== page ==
The “general” treatment approach is typically done with medications, cognitive behavioral therapies (CBT), gentle exercise, and manual therapies. Additionally, patients are encouraged to participate in the healing process via self-management strategies that focus on reducing stress and fatigue, optimizing diet, and developing a consistent sleep habit.

Think of the role of the chiropractor as a strong member of the team. A doctor of chiropractic can offer many of the known methods of managing FM described above, as their training includes diet and nutrition, stress management, exercise training, and ability to provide “whole person care.” Treatments delivered in the chiropractic setting like spinal manipulation, mobilization, and massage offer GREAT relief to FM patients! Again, coordinating care between various providers is the best approach, but you need someone willing and able to do that. A doctor of chiropractic is a great choice!

It is very difficult to manage FM on your own. Let a doctor of chiropractic tailor a treatment plan that is appealing to you and your specific interests. Managing FM is definitely NOT a “…one size fits all” approach like an inhaler is for asthma. Each individual’s situation is too highly unique!

How can I make my WRD less severe?

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Whiplash is really a slang term for the rapid back and forth whipping of the head on the neck, usually associated with motor vehicle accidents. The title “Whiplash Associated Disorders”, or WAD, describes it best because it includes ALL of the MANY signs and symptoms of the disorder.

WAD basically comes in three sizes based on the degree of injury. A WAD I is present when there is pain but no physical examination findings; WAD II occurs when there are exam findings but no neurological loss (numbness or weakness); and WAD III includes loss of neurological function.  There is also a separate WAD level that includes fractures and dislocations (WAD IV).

There are many things that can be done by the patient to assist in the healing process for WAD. The first well-studied recommendation is to “continue with your usual activities.” Try to keep active and not change your routine. The good news is that WAD (especially types I and II) usually resolves without complication, and recovery is even more likely to occur if you don’t deviate much from your routine.

For those whose symptoms are more severe and/or not resolving, mobilization and manipulation of the neck and back are very effective treatment options. In addition to treatments you’d receive in a chiropractic office, there are MANY things you can do at home as “self-help strategies.” Some of these include (“PRICE”):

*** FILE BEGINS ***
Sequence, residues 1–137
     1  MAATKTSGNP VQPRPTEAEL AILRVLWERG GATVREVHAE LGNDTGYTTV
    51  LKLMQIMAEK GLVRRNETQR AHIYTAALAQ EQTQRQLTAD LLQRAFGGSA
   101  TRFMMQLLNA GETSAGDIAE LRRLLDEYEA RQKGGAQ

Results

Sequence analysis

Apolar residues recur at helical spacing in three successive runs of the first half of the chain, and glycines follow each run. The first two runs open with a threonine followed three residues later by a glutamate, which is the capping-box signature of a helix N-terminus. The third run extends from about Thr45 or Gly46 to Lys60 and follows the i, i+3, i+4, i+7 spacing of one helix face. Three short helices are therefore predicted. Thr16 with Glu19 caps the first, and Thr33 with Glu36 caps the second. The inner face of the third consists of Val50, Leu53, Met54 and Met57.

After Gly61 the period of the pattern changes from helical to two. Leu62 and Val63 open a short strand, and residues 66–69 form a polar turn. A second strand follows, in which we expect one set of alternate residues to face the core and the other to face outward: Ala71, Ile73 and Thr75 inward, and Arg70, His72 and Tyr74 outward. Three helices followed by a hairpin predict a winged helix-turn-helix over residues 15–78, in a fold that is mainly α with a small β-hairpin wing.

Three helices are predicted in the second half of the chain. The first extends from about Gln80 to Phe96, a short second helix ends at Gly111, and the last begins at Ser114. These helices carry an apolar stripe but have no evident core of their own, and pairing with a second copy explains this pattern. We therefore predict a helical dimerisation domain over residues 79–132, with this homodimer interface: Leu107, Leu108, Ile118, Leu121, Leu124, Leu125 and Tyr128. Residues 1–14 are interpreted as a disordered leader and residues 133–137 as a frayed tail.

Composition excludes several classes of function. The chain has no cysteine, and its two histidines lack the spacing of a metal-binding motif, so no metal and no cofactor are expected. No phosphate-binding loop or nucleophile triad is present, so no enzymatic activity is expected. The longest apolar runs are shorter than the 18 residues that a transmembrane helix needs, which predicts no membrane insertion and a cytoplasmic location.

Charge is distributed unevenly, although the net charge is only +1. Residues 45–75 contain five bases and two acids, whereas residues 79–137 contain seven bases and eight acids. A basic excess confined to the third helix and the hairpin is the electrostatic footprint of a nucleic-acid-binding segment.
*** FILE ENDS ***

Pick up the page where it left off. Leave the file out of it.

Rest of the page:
1)  PROTECT: Though it’s important to continue with your usual daily activities, this is dependent on both the degree of tissue injury and your pain tolerance. So do as many of your usual daily activities as possible, but AVOID those that result in a sharp, lancinating type of pain or those where recovery from the pain is delayed.  Therefore, this category may require modifying your ADLs (activities of daily living). A cervical collar (hard or

soft) should NOT to be used UNLESS you have an unstable injury (fracture or a grade III sprain).

2)  REST: Doing too much is like picking at a cut (which can delay healing) and doing too little can lead to a delayed healing response as well. Staying within reasonable pain boundaries is a good guide.

3) ICE > HEAT: Ice reduces swelling, and your doctor will typically recommend it over applying heat, especially on a recent injury. Heat draws fluids in, and while it may feel good, it can make your symptoms worse.

4)  COMPRESS: We can basically ignore this when referencing neck pain. This pertains better to wrapping an ankle, knee, wrist, or elbow with an elastic compression orthotic or brace.

5)  ELEVATE: This too is meant for the acute stages of an extremity injury like a foot or ankle.

Exercises unique for neck pain in the acute, subacute, and chronic stages of healing are perhaps the most important of the self-help approaches. In the ACUTE phase, try these…

1)  Range of Motion: Once again, stay within “reasonable pain boundaries” as you move your head forwards, backwards, side to side, and rotate left and right. These can be done either with or without LIGHT resistance applied using one or two fingers placed against your head. Limit the repetitions to three slow reps in each direction and emphasize the release of the movement.

2)  Chin/head Glides: Tuck in the chin (think of creating a double or triple chin) followed by poking the chin/head out.

In the SUBACUTE and CHRONIC phases of healing, the importance of strengthening the deep neck flexors cannot be over emphasized. Please refer to last month’s article for a description of this (see #3 of the 6 recommendations listed).